Christian Club Wins Appeal For Equal Treatment

The San Jose School District will be required to reinstate Fellowship of Christian Athletes clubs on campuses following a ruling by the Ninth U.S. Circuit of Appeals. In their ruling on September 13, the court voted to overturn a lower court ruling that allowed the district to shut down the club which does not allow LGBT individuals to be club leaders. The Appeals Court ruling affirms that students should not have to suspend their religious beliefs to have equal access to public school campuses.

The issue arose in 2019 after the district derecognized FCA, a national Christian club that supports student-athletes on and off the field. The club was forced off campus due to the protests of one teacher who used class time to attack the club, and then sent emails to the campus principal that are described in the court record as “vulgar.” In response, the campus determined that the club’s policy of requiring leaders to uphold religious beliefs amounted to discrimination and sexual harassment.

The district argued that the exclusion of non-religious individuals, specifically non-religious LGBT students, violated the rights of other students. The club argued that other clubs are permitted to select leaders based on protected criteria. For example, Honor’s Society clubs can exclude students with poor grades and women’s sports clubs can exclude men. The club requested that a federal court force the San Jose School District to allow FCA to be reinstated.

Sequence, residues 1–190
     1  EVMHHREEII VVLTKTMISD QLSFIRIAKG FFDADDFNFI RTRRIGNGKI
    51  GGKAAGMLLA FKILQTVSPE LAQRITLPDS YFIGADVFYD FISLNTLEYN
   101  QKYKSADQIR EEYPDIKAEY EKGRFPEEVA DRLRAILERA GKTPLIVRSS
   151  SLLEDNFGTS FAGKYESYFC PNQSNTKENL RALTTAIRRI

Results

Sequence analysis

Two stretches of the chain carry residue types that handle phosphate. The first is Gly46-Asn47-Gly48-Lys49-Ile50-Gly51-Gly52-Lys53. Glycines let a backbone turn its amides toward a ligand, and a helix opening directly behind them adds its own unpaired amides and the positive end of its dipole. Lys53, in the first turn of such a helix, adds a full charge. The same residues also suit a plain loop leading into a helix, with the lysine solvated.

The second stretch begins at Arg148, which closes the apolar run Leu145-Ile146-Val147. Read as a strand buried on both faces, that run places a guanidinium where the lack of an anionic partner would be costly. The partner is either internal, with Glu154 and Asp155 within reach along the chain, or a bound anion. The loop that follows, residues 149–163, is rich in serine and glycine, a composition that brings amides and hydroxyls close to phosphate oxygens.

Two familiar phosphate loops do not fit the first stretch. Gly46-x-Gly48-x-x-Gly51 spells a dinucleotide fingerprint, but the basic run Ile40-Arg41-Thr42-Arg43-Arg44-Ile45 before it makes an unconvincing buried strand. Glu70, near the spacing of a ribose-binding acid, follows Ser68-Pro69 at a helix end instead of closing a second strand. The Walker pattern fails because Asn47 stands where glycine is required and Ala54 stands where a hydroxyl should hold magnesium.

In August 2022, the court ruled that the district must allow FCA on campus and that Christian students have the same rights as non-religious students. The court ordered the district to reinstate the club.

Instead, the district chose a more radical action and simply eliminated all student clubs, then requested that the Appeals court take another look at the case in an effort to eliminate Christian clubs while allowing other clubs, including a Satanic Temple Club established solely for the purpose of protesting FCA. The court agreed to rehear the case.

The latest ruling determined that the district violated the rights of students by specifically targeting them over religious beliefs while not treating similar groups in the same way, what the court described as a “double-standard.” As a result, the courts found that the district did not have the right to eliminate the club from campus.

The student club was represented by the Beckett Fund for Religious Liberty and the Christian Legal Society. Vice President and Senior Counsel Daniel Bloomberg said in a statement following the ruling that it was a “huge win for these brave students.” The ruling not only applies to anti-Christian discrimination in Bay Area schools but also protects the rights of religious students throughout the state, regardless of the nature of their beliefs.

It is unlikely that the district will have the ability to continue appealing the decision. In a statement, the district noted that it was “disappointed” in the ruling that prevents educators from discriminating against Christians.